Catholic Church’s influence over Irish hospital medicine persists

Nuns sit on St Vincent’s board of directors and doctors must sign contracts promising adherence to hospital ethos

The Institute of Obstetricians has expressed concern that St Vincent's hospital, which is owned by the Religious Sisters of Charity, will govern the National Maternity Hospital when it transfers to the St Vincent's campus. Chairman Dr Peter Boylan stated that "Catholic-controlled hospitals around the world forbid the provision of modern contraceptive services, IVF, sterilisation operations and gender reassignment surgery", and also expressed concern about the implementation of the Protection of Life in Pregnancy Act.

Despite a common perception of secularisation, many modern Irish hospitals are still run according to Catholic mores. The running of the Irish health service was largely undertaken by religious orders in the past. Orders of nuns were responsible for the setting up of many of Ireland’s hospitals in the 19th and 20th centuries.

In 1978, the then archbishop of Dublin, Dr Dermot Ryan, asked all Catholic hospitals to set up ethical committees which would "set out clearly ethical policy, both for the day to day running of the hospital and for the problem cases".

This request was accompanied by an ethical code which stated: “The concern of the hospital for the good of the patient is not confined to his bodily and mental welfare but extends to the spiritual wellbeing which is inseparably connected with bodily and mental welfare.” The 1980s marked a difficult period between church and State on the issue of negotiation of the “common contract” pursuant to which the State was established as the employer of hospital consultants, including those working in Catholic voluntary hospitals.


Bind doctors

These hospitals were concerned that the contract did not bind doctors to a Catholic ethos. In later years, there followed a change in ownership of some of the voluntary hospitals. Nonetheless, the influence of religious orders was preserved. For example, in 2001 the Sisters of Mercy sold the Mater hospital to the State with the contingency that its Catholic ethos, first espoused by the order's founder Catherine McAuley, be retained.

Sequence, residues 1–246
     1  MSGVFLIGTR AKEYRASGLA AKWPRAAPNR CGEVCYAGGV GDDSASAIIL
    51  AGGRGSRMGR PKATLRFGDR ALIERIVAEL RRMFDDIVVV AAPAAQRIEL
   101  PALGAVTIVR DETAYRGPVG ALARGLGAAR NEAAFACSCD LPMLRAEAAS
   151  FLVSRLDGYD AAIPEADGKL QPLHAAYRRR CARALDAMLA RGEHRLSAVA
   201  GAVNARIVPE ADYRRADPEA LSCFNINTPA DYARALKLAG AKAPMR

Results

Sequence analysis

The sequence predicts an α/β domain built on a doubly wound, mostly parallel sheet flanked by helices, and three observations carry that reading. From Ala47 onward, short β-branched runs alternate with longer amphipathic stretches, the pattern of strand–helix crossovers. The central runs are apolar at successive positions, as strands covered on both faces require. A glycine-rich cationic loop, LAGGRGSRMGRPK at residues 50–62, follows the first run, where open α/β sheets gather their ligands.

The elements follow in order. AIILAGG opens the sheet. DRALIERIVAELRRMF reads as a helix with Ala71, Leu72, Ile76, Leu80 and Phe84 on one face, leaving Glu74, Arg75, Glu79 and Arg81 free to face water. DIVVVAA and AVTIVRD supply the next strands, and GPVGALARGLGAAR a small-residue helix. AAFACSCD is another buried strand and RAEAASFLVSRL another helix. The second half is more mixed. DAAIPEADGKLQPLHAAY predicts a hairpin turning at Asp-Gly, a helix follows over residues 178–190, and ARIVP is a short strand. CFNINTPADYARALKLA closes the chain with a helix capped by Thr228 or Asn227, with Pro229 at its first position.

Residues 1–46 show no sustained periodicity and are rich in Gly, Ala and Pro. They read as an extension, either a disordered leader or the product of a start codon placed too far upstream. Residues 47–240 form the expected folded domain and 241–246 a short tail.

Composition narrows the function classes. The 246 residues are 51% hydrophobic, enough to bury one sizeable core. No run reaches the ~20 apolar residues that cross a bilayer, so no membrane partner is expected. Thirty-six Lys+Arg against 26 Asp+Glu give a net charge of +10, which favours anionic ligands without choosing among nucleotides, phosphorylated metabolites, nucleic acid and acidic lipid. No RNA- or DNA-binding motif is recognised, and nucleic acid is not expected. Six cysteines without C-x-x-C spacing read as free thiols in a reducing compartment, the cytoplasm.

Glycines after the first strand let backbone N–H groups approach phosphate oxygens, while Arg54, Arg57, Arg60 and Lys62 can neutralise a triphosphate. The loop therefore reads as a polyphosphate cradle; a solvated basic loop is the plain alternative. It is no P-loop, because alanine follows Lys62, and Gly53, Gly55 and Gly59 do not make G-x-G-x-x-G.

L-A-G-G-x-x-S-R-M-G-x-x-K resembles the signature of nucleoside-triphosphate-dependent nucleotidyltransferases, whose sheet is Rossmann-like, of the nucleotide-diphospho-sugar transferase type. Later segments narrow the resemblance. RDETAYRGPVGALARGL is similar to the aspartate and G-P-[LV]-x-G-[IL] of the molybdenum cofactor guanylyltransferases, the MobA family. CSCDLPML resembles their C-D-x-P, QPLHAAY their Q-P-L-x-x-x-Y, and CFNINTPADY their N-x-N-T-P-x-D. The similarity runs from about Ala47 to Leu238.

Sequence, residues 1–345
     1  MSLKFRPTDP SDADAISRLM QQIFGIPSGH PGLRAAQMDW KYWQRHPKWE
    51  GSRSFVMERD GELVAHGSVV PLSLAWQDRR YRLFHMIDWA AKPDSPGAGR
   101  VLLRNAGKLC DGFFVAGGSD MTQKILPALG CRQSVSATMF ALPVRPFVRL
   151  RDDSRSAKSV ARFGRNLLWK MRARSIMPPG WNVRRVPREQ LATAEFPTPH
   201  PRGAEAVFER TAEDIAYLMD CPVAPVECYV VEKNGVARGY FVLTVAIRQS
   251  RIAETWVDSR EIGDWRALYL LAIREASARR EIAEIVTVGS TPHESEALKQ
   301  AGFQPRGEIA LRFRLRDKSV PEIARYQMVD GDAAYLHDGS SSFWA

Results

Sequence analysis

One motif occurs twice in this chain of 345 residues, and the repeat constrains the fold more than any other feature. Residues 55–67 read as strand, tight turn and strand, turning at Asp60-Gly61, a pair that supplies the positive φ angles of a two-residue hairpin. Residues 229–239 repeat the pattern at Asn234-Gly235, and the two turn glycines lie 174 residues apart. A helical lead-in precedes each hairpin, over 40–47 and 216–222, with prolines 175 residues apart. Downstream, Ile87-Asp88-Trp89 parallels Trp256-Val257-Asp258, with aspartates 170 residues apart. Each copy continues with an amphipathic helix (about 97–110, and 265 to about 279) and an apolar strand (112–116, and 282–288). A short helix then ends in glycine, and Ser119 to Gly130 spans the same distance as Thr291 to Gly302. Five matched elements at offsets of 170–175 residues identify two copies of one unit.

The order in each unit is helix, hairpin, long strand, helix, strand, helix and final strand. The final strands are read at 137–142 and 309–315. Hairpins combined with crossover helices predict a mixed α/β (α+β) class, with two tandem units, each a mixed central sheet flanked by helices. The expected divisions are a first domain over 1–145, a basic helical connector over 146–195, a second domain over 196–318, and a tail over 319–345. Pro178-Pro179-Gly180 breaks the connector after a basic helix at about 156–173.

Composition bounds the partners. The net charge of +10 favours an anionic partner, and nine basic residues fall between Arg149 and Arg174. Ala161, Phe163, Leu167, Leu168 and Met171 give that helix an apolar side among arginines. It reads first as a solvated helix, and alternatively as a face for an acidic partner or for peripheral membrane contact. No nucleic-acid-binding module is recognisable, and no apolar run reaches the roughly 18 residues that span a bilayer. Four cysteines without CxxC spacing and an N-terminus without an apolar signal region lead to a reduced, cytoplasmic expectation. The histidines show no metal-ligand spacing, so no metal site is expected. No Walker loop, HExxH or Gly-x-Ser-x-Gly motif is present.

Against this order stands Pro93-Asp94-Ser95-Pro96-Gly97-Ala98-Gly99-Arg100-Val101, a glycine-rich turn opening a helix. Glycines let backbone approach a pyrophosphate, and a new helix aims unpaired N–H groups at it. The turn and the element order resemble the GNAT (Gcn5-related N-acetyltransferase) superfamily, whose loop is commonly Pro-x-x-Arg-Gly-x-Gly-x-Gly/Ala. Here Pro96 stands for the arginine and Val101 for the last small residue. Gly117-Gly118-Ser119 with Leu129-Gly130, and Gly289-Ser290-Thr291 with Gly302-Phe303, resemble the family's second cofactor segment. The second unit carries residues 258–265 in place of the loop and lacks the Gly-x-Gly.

The mission of St Vincent’s is described as being: “To bring the healing love of Christ to all we serve.” The first core value is “human dignity respecting the sacredness of human life and the dignity and uniqueness of each person”.

Nuns are on the board of directors and doctors must sign contracts promising adherence to the ethos of the hospital.

There are myriad ways in which the law of the State has reflected and continues to reflect Catholic thinking on certain reproductive/life issues, such as the constitutional ban on abortion and the fact that Ireland was the last country in Europe to legalise the sale of modern contraception. However, hospital treatment which goes beyond the dictates of the law is also relevant. Both the Mater and St Vincent's prohibit female sterilisation, a standard procedure which is not illegal, and is carried out in non-Catholic-run institutions, as well as other treatment centres. In the 2006 Lourdes hospital inquiry report, Judge Maureen Harding Clark highlighted that the "prohibition on sterilisations" gave rise to the performance of what have been described as compassionate hysterectomies.

Between the 1940s and 1980s, the barbaric symphysiotomy procedure was performed in preference to Caesarean sections, a decision driven by religious ideology.

Further evidence that medical care at State-funded hospitals is often influenced by the religious views of board members surfaced in 1994, when the Mater banned HIV- prevention leaflets and posters from its Aids unit. The hospital’s chief executive agreed the Catholic ethos was a factor in this decision.


The chairman of St Vincent’s quickly dismissed as sensational the “tale of nuns attempting to control Irish maternity services”. However, history shows that ethos affects treatment. The concerns of the Institute of Obstetricians ought perhaps be given more consideration.

Claire Hogan is a barrister and has a doctorate in the area of constitutional freedom of religion